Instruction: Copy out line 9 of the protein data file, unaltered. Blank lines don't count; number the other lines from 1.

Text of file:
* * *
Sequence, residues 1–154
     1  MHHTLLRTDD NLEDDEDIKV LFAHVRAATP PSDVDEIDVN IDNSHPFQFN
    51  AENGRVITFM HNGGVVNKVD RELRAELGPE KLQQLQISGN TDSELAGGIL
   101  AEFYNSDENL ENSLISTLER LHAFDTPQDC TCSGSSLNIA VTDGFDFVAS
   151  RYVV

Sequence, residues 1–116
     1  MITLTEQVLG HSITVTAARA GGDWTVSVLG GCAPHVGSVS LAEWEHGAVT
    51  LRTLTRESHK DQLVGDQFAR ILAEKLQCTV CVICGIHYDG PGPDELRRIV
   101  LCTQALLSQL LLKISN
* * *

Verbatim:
   101  LCTQALLSQL LLKISN